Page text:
Tuesday, August 4, 2009

Should autistics wear a sign around their necks?

I have read an interesting story about some persons with an autistic child who were given a hard time by their neighbors. They filed complaints claiming that the child may have been a menace of some sort and he might come out with his father's firearm. The father, a commercial airline pilot, is required to have a firearm as part of his work due to 9/11 and part of the homeland security act. They tried to get a court injunction to get these neighbors to stay on their driveway. They called 911 on the people when the man stepped out to talk to another father about his autistic son being picked on by another boy in the neighborhood. They have reported these parents to child protective services. They called the airline where the father worked and complained about him. All of these complaints were unsubstantiated and dropped.

The solution to this problem was to post a sign on the street warning people that there was an autistic child in the neighborhood. I am not sure what this is supposed to accomplish. Apparently, there was a lot of notoriety revolving around the case and all the people in the neighborhood know that he is autistic. It seems that having the sign in the neighborhood would be bad for the child and the family as there would be a certain stigma attached to it. How having a sign there would benefit the child, the neighbors or anyone else who may happen to drive or walk on that street in an apparently isolated residential area is beyond me.

One devil's advocate argument that could be made is that autistic children often have problems with elopement. Some of them have drowned or been run over by cars, etc. But sometimes typical children play in the street also. I know of one typical child in my neighborhood who was hit by a car at age 4. I also remember from my youth signs, saying "children at play" on one or two streets. Certainly a sign like this could be put up rather than the sign singling out the autistic child and the same result would occur.

However, there may be something I am missing. Perhaps there is some other reason to warn people about an autistic person. If that is the case why stop at having a sign in the child's neighborhood. Why not require the child (or possibly even adult) to wear a sign around their neck saying, "Caution, I am autistic (or Asperger's), I may do something bad". They are not going to just be confined to their neighborhood. They will end up going out into the world. Regardless of whether they just stay on the street where they live or go out to places, autism will cause them and the people around them some sort of problems. Prejudicial attitudes won't be just confined to one's own neighborhood. So what of the idea that autistics should be required to wear a sign around their neck at all times. After all at one time people with leprosy had to wear a warning sign and shout "unclean" when approaching persons not afflicted with the disease. Diabetics and epileptics wear medic-alert bracelets to warn people. Of course Leprosy, epilepsy and diabetes are quite different from autism since Leprosy is an infectious disease which was contagious (and at one time incurable) and diabetics can go into an insulin-induced coma and persons with epilepsy can have seizures and be rendered unconscious.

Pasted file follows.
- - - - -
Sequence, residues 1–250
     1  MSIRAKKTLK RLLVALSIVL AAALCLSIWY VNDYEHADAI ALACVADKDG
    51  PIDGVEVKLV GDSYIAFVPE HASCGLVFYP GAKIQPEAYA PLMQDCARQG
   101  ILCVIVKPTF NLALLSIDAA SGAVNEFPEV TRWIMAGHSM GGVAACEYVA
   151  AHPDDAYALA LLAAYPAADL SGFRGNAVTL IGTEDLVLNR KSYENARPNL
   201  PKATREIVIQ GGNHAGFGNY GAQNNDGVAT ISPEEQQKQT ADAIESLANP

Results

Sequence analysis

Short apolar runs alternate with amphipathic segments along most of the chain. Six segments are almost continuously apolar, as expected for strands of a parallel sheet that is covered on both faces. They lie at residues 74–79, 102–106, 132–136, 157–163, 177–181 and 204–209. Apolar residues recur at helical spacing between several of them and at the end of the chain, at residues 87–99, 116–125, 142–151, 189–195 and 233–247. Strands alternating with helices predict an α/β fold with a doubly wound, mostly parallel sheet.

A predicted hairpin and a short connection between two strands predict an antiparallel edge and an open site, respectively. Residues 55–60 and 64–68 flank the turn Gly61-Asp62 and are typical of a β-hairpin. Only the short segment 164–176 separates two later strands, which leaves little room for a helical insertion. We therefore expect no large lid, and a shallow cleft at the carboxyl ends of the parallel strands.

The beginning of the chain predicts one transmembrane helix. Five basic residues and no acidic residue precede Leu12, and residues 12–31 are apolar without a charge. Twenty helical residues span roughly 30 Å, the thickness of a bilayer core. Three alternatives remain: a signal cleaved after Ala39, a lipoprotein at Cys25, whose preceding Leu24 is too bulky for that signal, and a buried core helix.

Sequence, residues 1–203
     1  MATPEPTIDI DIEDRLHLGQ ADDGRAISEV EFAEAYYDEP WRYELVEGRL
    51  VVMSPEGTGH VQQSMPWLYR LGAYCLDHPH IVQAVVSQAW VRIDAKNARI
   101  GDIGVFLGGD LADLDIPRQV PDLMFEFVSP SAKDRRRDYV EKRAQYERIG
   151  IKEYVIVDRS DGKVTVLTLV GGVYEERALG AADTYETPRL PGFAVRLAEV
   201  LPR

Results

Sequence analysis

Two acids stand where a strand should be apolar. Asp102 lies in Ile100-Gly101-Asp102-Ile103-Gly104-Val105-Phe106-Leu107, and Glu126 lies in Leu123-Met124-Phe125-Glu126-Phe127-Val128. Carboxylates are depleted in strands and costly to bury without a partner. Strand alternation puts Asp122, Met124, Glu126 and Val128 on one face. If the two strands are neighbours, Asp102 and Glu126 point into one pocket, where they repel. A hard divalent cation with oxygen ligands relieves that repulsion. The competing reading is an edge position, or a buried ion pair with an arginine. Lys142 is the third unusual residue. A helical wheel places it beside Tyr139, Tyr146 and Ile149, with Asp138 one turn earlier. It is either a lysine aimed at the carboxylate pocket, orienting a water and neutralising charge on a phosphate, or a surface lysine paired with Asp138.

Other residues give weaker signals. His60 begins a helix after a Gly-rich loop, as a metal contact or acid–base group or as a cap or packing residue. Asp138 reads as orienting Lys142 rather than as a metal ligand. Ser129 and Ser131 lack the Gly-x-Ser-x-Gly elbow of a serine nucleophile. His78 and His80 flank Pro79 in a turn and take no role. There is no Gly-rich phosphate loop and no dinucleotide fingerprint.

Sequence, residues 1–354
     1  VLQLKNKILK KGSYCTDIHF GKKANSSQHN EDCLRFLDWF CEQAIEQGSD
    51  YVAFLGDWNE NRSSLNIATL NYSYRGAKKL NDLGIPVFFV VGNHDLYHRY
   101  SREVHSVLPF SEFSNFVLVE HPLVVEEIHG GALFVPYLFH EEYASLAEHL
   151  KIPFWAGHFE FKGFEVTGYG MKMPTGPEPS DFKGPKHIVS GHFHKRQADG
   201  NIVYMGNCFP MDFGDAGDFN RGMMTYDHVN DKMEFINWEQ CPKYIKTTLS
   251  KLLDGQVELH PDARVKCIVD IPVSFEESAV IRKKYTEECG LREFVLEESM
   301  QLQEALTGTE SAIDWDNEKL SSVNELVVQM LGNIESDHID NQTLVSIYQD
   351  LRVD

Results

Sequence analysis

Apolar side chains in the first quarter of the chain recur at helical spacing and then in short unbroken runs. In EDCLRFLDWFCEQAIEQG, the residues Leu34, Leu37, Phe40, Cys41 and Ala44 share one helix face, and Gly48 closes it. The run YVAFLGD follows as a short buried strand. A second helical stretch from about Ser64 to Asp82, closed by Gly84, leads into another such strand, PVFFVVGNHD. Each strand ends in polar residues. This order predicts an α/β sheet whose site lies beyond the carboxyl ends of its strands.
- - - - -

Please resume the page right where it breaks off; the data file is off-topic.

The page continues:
Disclosure is given as a quick fix solution to some of the problems of autistics, claiming that for the autistic who wants to make a living and not be fired or have problems with the employer that they should be upfront with their employer (or prospective employer) about the disability and then there won't be problems on the job. As this has not been the case with me, Stephanie Keil or Michelle Dawson (all three of us have lost jobs in spite of disclosure) and others that I know, I really don't think disclosure works. If we teach acceptance, the NT world will learn to tolerate differences and autism won't be a problem, at least according to neurodiversity. In fact, I remember something autism diva wrote someplace (though I don't have the link handy) that neurodiversity was about getting people like Rick Rollens to stop calling autistics "train wrecks" or "toxic waste dumps" and Jon Shestack to stop saying they are "empty shells", then employers will be more inclined to hire persons with autism.

I sort of worry about what might happen in light of this neighborhood sign. I can't think of how humiliating and degrading it would be if autistic children (and adults) were required to wear some sort of sign around their necks. Simple solutions to hard problems like autism are always tempting; however, I hope that neither I nor anyone else will ever be forced to wear a sign around our neck.

16 comments:

John Elder Robison said...

I think disclosure works in the case of one-on-one relationships - at least is has for me - but when dealing with the public I think it hurts more than it helps. At least that's my observation.

Who knows what Joe Public conjures up in his mind at the words "autistic child?"

farmwifetwo said...

An autistic child sign is effective if you have problems like we do with traffic that goes a high rate of speed. Toss is construction out on the highway and this road has turned into a racetrack and is becoming a "nightmare waiting to happen". Hopefully, people would realize that if they see a child near the road there's a good chance that child does not understand safety. We don't have an "autistic child" sign just a "watch for children" sign and I can guarantee you... it's not working... so I suspect the "autistic child" one wouldn't either.